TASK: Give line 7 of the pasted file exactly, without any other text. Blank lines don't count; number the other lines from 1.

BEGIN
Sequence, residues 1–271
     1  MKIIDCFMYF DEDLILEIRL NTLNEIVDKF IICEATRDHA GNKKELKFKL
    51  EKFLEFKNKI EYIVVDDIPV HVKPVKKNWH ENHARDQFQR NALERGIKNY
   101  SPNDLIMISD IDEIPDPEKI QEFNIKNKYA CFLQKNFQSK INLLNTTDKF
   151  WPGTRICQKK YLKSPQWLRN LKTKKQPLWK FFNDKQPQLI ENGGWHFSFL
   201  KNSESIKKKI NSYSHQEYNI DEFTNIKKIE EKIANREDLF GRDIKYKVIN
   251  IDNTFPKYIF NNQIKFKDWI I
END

   251  IDNTFPKYIF NNQIKFKDWI I